Free Horses?

The offer of a free horse today often makes longtime horse owners laugh, cringe, sigh, or all of the above. In the past couple of years as slaughter has left the United States, there have been more horses needing homes that are offered for free that used to become part of the slaughter group. Folks in these troubled economic times are finding it harder to pay upkeep on their horses. When you are faced with losing your house or farm, and with feeding yourself and your family, then the 1,000-pound beast out back can fall significantly on the list of things you consider important. California, the first state to make it a felony to knowingly sell or transport a horse across state lines for slaughter (a law that, as far as we were able to track, was never enforced), was also the first state to publicize low-cost euthanasia clinics for horses. Apparently, the state's horse industry can't absorb all of those horses. But despite all of those problems, there are still people with the heart--and the finances--to take in one more horse. And even if one horse can find a good home in this economic climate, any efforts are not in vain.

Visit and follow the links for the Thoroughbred Adoption Service to find your next horse

Therefore, has created a free adoption service for Thoroughbreds and will publicize it in conjunction with our sister site (the leading site for the Thoroughbred industry).

While this free listing of horses is only for Thoroughbreds at this time, we will look to the possibility of using this for all breeds of horses in the future.

There are some amazing horses out there who just need a chance to find the right career and home. I've known several free horses that have gone on to become fabulous trail, competition, and even kids' mounts.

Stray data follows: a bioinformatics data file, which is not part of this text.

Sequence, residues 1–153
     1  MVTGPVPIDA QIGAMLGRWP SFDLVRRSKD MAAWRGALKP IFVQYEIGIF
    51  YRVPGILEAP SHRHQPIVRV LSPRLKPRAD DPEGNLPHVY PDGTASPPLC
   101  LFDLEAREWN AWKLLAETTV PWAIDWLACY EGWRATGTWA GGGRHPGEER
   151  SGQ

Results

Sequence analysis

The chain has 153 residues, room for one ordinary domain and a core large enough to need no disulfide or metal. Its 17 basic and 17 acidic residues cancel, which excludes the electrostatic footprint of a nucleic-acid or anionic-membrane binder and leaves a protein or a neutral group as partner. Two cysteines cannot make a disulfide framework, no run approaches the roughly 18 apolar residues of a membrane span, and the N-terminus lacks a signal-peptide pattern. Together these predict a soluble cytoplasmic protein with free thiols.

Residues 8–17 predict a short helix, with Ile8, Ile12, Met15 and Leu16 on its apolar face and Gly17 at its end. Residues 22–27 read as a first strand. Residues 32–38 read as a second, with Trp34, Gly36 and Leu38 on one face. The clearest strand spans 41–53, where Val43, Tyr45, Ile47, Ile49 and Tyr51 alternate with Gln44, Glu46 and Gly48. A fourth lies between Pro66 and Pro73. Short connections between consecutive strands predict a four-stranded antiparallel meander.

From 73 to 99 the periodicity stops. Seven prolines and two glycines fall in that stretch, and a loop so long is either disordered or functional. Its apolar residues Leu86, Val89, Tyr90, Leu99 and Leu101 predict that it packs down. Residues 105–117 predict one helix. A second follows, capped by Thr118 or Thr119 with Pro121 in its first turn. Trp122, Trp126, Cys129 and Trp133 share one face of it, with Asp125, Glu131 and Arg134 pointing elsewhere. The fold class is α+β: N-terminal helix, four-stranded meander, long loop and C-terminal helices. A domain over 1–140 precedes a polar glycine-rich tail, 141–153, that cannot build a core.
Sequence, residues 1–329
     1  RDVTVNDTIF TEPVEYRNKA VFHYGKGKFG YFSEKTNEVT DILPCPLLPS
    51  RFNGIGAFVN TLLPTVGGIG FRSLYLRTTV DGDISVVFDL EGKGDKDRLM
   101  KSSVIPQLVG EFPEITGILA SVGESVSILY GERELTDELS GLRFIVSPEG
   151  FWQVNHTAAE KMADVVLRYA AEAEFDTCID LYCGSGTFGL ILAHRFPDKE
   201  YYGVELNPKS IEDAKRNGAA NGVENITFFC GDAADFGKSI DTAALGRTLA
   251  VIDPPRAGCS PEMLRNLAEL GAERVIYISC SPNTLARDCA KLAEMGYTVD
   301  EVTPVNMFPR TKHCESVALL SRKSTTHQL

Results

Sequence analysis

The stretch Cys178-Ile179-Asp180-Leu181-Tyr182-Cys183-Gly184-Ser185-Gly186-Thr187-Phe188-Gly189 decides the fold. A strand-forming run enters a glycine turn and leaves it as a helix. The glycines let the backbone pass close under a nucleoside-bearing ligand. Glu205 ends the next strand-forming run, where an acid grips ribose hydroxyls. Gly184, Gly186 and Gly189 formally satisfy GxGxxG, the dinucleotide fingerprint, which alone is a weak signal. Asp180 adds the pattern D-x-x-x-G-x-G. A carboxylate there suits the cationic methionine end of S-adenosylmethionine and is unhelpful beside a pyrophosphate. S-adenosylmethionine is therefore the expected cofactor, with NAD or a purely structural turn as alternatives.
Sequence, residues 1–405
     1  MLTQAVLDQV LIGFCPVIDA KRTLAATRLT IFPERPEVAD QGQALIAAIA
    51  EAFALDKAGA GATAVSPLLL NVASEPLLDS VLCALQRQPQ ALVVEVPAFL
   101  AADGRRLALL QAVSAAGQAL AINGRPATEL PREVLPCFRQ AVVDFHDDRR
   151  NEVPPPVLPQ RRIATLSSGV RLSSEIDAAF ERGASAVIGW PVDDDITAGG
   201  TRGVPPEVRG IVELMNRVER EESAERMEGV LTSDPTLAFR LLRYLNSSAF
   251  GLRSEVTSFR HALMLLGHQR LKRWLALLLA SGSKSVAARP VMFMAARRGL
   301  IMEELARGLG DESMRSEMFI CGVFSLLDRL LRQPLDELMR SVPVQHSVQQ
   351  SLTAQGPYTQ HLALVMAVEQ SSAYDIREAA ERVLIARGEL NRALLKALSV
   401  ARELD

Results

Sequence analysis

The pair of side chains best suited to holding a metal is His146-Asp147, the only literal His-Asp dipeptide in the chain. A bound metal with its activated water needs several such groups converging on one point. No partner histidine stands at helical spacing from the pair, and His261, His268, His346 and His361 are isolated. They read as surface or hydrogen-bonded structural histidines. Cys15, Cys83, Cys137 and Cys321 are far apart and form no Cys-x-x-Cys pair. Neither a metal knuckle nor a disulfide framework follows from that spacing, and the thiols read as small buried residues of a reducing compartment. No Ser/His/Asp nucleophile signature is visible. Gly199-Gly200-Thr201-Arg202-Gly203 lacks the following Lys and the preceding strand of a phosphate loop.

There are some questions and concerns about having a listing of horses that the owners are willing to give away for free.

Is there a worry that a free horse will end up at slaughter? That is a legitimate concern. We have included articles and tips to those placing horses for free adoption to guide them in asking the right questions to avoid a horse going to an unscrupulous individual or group.

Can you identify horse slaughter buyers and, thus, warn owners looking for free homes for horses? There are no credentials or lists of slaughter buyers; anyone could take the horse and turn around and sell it for slaughter. There are no guarantees for any horse, free or sold.

Will all the horses offered for free find a suitable home? No, there probably aren't homes for all the horses, based on the age, sex, and training of horses needing homes.

Can a welfare group take a free horse for retraining or perhaps to house at their organization for a time before adopting it out? That would be up to the individual who owns the horse, but it sounds like a viable option.

Why would someone give away a perfectly good horse? There are Thoroughbred (and other breed) owners who would rather take a loss on the investment of the animal in order to find it a useful home. That, to me, is good stewardship. Some of the horses listed won't make racehorses for some physical reason, but they would be suited for other lives (even competitive disciplines). Some are broodmares who haven't produced up to their bloodlines or have reproductive problems. Often these mares are sound and sane, but they need some retraining under saddle.

So, do you have a place in your heart and home for one of these horses? If so, visit and follow the links to your next horse.

About the Author

Kimberly S. Brown

Kimberly S. Brown was the Publisher/Editor of The Horse: Your Guide To Equine Health Care from June 2008 to March 2010, and she served in various positions at Blood-Horse Publications since 1980.

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